Though considered an essential component of archery tackle in many parts of the world, the thumbring was until recently virtually unknown by western archers. “One of the effects of a thumbring is to help redristribute some of the pressure experienced when drawing a bow. No matter which style of releases is used – three-fingered release, thumbring, pinch draw-a heck of a lot of the pressure weight of the bow is concentrated in the small angle of the string just prior to release. At a hefty bow weight, say sixty, eighty, one-hundred pounds, you’re going to want some relief. That’s why most people wear finger tabs or a shooting glove. The thumbring serves the same purpose.” Kay Droppedrayer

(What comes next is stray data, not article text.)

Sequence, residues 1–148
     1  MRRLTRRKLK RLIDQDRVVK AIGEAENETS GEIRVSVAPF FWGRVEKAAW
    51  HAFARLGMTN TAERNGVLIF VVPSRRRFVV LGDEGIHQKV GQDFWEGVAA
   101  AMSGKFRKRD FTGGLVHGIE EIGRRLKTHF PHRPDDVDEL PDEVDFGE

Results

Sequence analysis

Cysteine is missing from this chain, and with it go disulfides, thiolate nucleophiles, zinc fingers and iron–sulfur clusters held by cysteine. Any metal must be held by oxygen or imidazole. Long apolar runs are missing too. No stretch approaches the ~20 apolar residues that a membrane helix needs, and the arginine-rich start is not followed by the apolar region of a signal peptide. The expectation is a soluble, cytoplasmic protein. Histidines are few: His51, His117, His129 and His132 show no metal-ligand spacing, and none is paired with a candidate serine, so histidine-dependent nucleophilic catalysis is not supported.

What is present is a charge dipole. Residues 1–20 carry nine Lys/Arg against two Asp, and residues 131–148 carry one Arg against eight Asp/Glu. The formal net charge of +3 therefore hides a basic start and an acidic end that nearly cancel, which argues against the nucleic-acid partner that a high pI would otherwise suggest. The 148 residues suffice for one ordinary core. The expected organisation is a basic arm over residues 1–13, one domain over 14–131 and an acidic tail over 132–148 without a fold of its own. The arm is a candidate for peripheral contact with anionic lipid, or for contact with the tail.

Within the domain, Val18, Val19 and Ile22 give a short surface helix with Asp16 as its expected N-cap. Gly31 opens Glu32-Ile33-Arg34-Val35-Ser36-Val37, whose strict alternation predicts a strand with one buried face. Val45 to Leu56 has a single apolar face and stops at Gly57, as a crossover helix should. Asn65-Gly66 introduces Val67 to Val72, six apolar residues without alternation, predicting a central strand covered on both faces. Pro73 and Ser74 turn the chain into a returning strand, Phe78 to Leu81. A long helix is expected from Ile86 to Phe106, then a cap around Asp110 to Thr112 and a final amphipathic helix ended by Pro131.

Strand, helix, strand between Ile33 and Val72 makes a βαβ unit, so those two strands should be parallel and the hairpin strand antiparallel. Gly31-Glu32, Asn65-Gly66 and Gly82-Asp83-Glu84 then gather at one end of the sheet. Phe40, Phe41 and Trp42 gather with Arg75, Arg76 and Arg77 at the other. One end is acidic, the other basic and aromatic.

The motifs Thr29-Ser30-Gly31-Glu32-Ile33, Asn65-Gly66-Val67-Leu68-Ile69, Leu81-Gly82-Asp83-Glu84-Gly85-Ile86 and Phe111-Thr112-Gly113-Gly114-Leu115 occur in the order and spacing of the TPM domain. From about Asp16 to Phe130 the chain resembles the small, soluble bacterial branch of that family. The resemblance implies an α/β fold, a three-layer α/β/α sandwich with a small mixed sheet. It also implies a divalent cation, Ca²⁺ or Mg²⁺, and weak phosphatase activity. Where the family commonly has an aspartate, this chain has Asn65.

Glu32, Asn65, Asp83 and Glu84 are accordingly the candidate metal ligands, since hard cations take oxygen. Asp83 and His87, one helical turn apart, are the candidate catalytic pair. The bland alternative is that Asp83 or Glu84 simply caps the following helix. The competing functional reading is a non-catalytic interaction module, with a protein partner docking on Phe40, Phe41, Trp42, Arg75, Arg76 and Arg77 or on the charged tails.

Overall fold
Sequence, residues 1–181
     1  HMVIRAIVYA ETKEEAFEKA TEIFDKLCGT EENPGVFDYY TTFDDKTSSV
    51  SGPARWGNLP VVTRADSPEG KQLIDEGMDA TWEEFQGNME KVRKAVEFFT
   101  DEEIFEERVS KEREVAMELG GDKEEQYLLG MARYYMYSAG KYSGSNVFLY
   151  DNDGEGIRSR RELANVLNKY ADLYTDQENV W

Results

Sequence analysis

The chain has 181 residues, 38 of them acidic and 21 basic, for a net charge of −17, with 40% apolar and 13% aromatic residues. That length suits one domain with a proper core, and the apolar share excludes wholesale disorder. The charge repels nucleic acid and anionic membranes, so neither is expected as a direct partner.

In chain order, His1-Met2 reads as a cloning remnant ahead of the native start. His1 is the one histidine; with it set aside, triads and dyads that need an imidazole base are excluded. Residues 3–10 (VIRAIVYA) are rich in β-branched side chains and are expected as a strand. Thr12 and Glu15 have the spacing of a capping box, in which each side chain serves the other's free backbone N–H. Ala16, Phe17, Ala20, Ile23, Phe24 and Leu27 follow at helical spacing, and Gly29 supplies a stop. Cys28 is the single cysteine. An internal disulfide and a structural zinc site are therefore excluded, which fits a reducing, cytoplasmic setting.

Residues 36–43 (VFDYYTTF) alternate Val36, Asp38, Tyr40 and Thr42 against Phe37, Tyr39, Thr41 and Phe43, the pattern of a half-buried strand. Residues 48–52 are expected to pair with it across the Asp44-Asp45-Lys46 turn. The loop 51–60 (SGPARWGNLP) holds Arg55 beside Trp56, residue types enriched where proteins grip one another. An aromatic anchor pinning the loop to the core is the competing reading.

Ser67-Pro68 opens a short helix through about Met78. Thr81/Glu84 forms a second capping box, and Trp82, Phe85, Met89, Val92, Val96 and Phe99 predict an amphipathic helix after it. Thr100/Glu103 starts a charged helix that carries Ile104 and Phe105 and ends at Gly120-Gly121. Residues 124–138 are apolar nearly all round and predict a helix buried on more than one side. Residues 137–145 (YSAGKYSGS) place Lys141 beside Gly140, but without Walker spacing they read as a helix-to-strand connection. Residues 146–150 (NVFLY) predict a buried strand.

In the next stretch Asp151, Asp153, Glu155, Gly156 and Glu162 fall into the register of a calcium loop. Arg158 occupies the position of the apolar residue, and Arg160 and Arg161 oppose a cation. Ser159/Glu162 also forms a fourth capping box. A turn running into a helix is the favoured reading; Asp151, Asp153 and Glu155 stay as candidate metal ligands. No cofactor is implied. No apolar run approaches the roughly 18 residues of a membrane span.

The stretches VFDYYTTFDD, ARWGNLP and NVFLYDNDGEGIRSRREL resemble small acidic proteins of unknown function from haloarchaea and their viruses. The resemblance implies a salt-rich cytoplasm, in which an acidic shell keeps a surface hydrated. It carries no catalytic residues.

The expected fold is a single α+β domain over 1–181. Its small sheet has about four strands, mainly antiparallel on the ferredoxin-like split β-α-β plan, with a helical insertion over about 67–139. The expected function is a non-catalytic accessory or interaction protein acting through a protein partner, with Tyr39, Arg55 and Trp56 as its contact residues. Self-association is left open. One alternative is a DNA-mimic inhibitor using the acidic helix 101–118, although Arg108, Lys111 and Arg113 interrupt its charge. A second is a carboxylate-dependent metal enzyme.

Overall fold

• recovers some of the history of the archer’s ring
• discusses the purposes and functions of the thumbring
• describes the different types
• takes its readers on a tour to the many parts of the world where thumbrings have been used
• provides some hands-on explanations.
Kay Koppedrayer is a professor in the Department of Religion and Culture at Wilfrid Laurier University, Waterloo, Ontario. In addition to her several research areas, she writes on the history of archery and on cross-cultural archery traditions. She is a frequent contributor to archery magazines and is an Associate Editor of Primitive Archer.